A packed school district office erupts in celebration after the Winlock School Board decides to continue the combined boys soccer program during a special meeting of the board April 30.
The Winlock School Board has decided to maintain a combined boys soccer program with Toledo, while students and parents say they could not be more excited with the decision.
In a 2-3 vote during a special meeting held April 30, the district declined to withdraw from the program, allowing athletes to compete together for another two years until both districts are asked to renew again in 2016.
“I’m very proud of my school district,” said Winlock parent Brandon Patching after the vote. “They did what we all said was the right thing to do…this feels like a huge, huge victory.”
Winlock had considered withdrawing after the Toledo School Board voted Feb. 20 to withdraw from combined girls soccer, baseball and fastpitch due to the district’s reclassification from 1A to 2B by the WIAA.
Toledo officials had said remaining combined would require them to continue competing as 1A in those programs, requiring travel to distant schools for games, though they kept boys soccer intact because no local 2B league exists.
While the Winlock School Board initially voted to maintain all combined programs, they stated during their March 20 meeting they were interested in exploring alternative schools for combined boys soccer, then stated April 16 they would be interested even in opting up to a 1A league as an independent program.
But during their April 30 meeting, which had been scheduled due to the presence of only three out of five board members April 16, the majority of board members said it was not in the program’s or the students’ best interest to withdraw.
“I think the bottom line is that we care for what the children, these students and young people, really want and need,” said Board Member Kay Raupp, who had been among those absent at the April 16 meeting.
Also absent April 16 and in support of remaining combined was Board Member Scott Weinert, while Board Chair Pam Spencer contributed the deciding vote in favor of maintaining the program.
Opposed had been Board Members Duane Bryant and Fred Terry, who had both expressed an interest in pursuing an independent Winlock program both to strengthen the district’s offerings as well as its athletes.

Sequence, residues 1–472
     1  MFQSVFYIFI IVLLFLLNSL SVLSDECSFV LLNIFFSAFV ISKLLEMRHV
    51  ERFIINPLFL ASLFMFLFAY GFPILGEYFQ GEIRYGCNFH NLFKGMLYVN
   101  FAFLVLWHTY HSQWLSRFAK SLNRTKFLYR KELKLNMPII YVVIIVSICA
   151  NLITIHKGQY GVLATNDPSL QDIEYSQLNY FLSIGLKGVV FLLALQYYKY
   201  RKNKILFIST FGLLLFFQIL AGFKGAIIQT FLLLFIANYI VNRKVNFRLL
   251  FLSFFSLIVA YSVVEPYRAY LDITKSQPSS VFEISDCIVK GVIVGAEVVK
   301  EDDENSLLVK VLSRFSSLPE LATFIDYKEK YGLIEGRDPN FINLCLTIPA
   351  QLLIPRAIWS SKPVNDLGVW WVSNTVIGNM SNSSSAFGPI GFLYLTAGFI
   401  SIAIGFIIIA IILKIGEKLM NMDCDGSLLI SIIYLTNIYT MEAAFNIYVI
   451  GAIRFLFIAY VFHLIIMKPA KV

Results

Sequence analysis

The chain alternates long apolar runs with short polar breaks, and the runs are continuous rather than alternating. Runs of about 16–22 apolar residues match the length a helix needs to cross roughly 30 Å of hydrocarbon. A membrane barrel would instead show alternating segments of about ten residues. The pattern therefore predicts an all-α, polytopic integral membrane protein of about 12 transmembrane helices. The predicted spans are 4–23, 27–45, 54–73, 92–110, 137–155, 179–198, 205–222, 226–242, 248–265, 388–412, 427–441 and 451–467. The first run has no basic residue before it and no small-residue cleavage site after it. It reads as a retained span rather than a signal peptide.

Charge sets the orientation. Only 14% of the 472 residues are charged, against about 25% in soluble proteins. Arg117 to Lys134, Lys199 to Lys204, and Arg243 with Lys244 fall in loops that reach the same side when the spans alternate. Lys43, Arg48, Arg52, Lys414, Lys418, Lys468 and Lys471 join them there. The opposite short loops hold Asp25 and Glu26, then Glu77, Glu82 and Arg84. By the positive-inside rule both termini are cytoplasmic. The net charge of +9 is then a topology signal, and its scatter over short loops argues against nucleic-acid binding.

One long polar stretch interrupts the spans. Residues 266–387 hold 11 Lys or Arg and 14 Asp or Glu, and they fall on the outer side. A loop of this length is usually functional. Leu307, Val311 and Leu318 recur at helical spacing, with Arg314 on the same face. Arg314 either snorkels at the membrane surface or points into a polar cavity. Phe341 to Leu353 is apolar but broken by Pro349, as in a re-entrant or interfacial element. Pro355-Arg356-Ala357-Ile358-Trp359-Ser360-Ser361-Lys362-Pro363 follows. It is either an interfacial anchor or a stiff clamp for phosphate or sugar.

After the vote, a room packed with students, parents and coaches erupted in celebration, with hugs and cheers and even a few wet eyes. Outside, amid a circle of team members, Soccer Coach Horst Malnaut told his students it is now their imperative to show both Toledo and Winlock how seriously they take the program.
“Lets show this school board that decided to keep us together that it was worth it,” he said, stating he has been encouraged by the support his team has received from both Winlock and Toledo residents.
“It’s been a weight off my shoulders,” he later added of Winlock’s decision to remain combined.
But concern remains over the other now-dissolved programs of baseball, fastpitch and girls soccer, as some parents have stated their intent to petition Toledo to restore at least girls soccer after Winlock’s decision to sustain the boys’ program.
Toledo parent Amber Buck said it is her hope to speak with the Toledo School Board and urge them to reconsider, stating the way the district went about their decision to withdraw from the programs had not been forthcoming or fair.
“That’s a community decision,” she said, stating she and other parents were not notified of the district’s intent to pursue such action or asked how they felt about the issue, stating she felt such a lack of transparency ought to invalidate the board’s vote.
But Malnaut said Toledo has already committed to 2B fastpitch, baseball and girls soccer for the coming school year and will not be able to reform the teams just yet.
Also part of discussions regarding Winlock’s and Toledo’s shared sports programs had been wrestling and cross country, which both boards had decided to maintain because the students in those sports compete individually and a cooperative program would not affect their league competition.
When asked to reflect on Winlock’s decision, Superintendent Shannon Criss acknowledged the board does not take such issues lightly and praised them for giving the community an opportunity to voice even opposing viewpoints in the matter.